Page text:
yet again. Sometime back I wrote a post about names in my family. Being Italian-American that was quite a convoluted little history.
The topic of names came up yesterday, and again today, because Da Baby Princess has a new sister and my husband and I were going round and round about both of their names.
Baby Princess #1 was given the same name as a Greek island - why I do not know, or having asked, do not remember. I do know that they did tour the Greek islands on a vacation. Her middle name is a very pretty commonplace Anglo name after Da Papa's grandmother.
Baby Princess #2 also has an unusual name, in this case she is named for/in honor of, a woman who has the same profession as Da Papa and I was told she is quite renowned in their mutual profession. Her middle name is also a commonplace Anglo name that runs in the family.
Okay - I understand naming a child after a family member but naming a child after someone you don't know but admire? Well, okay, why the hell not, you have to call the kid something.
Or do you?
One of my favorite plays/movies is "A Thousand Clowns" wherein the one of the main characters is an 11 year old boy, living with his uncle, and they have a deal. The boy can use whatever names he wants until he is 13. At 13 he has to decide on a permanent name.
I like that idea a lot. Of course nowadays, a child might choose the name of their favorite pop star and live to regret it. The play was written back in the early 1960's so I don't think that was a real consideration and besides 'Elvis' there weren't that many celebrities with odd names (Ok, ok - there was 'Rock' and 'Tab' but I don't think too many boys related to them.)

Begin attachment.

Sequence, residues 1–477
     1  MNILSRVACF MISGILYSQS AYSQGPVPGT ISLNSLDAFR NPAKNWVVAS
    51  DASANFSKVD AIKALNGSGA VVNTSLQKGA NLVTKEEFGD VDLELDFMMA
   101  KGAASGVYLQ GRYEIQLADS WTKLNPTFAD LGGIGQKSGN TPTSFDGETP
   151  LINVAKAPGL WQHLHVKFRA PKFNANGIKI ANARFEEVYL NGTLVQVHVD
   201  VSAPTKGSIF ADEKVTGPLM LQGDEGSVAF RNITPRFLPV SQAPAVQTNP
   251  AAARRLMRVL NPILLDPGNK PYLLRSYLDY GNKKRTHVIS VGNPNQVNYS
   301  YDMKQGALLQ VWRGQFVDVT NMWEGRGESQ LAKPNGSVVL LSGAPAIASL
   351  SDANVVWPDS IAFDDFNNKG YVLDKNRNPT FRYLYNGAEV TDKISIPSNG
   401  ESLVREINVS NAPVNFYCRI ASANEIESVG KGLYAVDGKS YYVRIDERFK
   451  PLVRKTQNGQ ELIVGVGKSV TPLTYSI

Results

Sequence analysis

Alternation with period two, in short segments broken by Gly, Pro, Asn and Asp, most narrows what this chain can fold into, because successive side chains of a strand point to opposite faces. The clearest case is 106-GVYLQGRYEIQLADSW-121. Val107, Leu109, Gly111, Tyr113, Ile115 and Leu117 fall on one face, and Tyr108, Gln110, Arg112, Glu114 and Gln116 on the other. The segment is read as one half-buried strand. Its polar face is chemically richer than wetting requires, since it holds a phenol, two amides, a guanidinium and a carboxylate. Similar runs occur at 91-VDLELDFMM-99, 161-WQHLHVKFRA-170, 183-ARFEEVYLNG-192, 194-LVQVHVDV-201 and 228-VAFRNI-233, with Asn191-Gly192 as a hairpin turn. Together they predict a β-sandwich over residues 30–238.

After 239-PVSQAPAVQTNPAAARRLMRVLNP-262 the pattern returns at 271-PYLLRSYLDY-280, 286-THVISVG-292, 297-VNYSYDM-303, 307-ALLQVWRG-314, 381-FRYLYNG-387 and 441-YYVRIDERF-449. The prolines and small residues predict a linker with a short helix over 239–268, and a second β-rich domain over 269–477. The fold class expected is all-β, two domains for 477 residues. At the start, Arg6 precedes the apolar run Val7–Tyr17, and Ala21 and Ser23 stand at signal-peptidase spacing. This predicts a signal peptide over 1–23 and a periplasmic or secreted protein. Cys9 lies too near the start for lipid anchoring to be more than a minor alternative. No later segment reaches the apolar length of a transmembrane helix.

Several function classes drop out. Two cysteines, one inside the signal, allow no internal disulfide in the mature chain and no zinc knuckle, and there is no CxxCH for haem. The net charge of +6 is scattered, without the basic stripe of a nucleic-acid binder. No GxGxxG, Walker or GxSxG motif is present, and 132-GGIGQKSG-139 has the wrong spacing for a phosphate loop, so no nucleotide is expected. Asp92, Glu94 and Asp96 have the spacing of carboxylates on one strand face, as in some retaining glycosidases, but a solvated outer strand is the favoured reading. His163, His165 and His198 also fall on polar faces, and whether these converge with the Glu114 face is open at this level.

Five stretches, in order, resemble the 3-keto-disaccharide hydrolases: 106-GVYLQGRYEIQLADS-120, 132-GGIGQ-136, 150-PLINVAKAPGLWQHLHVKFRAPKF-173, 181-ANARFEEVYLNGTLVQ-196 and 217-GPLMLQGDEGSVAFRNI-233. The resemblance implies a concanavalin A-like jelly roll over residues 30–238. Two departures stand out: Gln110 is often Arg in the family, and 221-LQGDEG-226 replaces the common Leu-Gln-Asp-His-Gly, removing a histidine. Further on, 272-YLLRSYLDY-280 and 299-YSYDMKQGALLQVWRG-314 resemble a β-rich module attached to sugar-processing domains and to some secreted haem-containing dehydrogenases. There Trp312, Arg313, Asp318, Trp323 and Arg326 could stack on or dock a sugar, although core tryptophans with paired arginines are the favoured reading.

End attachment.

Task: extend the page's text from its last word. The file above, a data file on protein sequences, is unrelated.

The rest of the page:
Of course you could just wait until the baby starts to develop a personality and then choose a name that seems to fit. That's another possibility. But I have other issues with names -
1. What's the deal with middle names? Why? You have a first name that should be totally your own and a last name that links you to your relatives - why do you need a middle name?
2. Does being named after someone, either a family member or someone famous (for one reason or another) have an affect on the child's self-esteem/self-identity? Does the child feel he has to live up to the reputation of the person he was named for, and if that reputation is less than stellar, does the child feel he is destined to be like that less-than-stellar person?
My husband was named after his father, a junior until his father died, and my husband does not think fondly of his father. Today he said that he didn't like his first name but he can't think of another he would like any better.
Me, I love my name. I always have. Indeed, I like the Italian version even better and I was going to change it but everyone said I would just be called Grace anyway so why bother. The reason I wasn't given the Italian version of my name is that my mother didn't know how to spell it and no one would tell her! So instead of Graziella, I became Grace. There is no direct translation into English for Graziella, I was told it was more of a cutesy 'baby name' not a real name at all and a loose translation was 'little Grace'. Don't know, don't care - I love my name.
When I was younger (much younger) when we girls were out on the town and picking up guys we would never give our real names, my problem was coming up with an alternative name - there was none that I thought suited me, even remotely. I always tried to come up with another Italian name but seriously, do I look like a Tina? Or even a Marie, which was my middle name and which I dumped a long time ago.
Baby Princess #1's name, in its original language, means 'untamed'.
Baby Princess #2's name means 'spear' or 'warrior.
Do you think Da Mama and Da Papa of Da Baby Princesses had a theme in mind?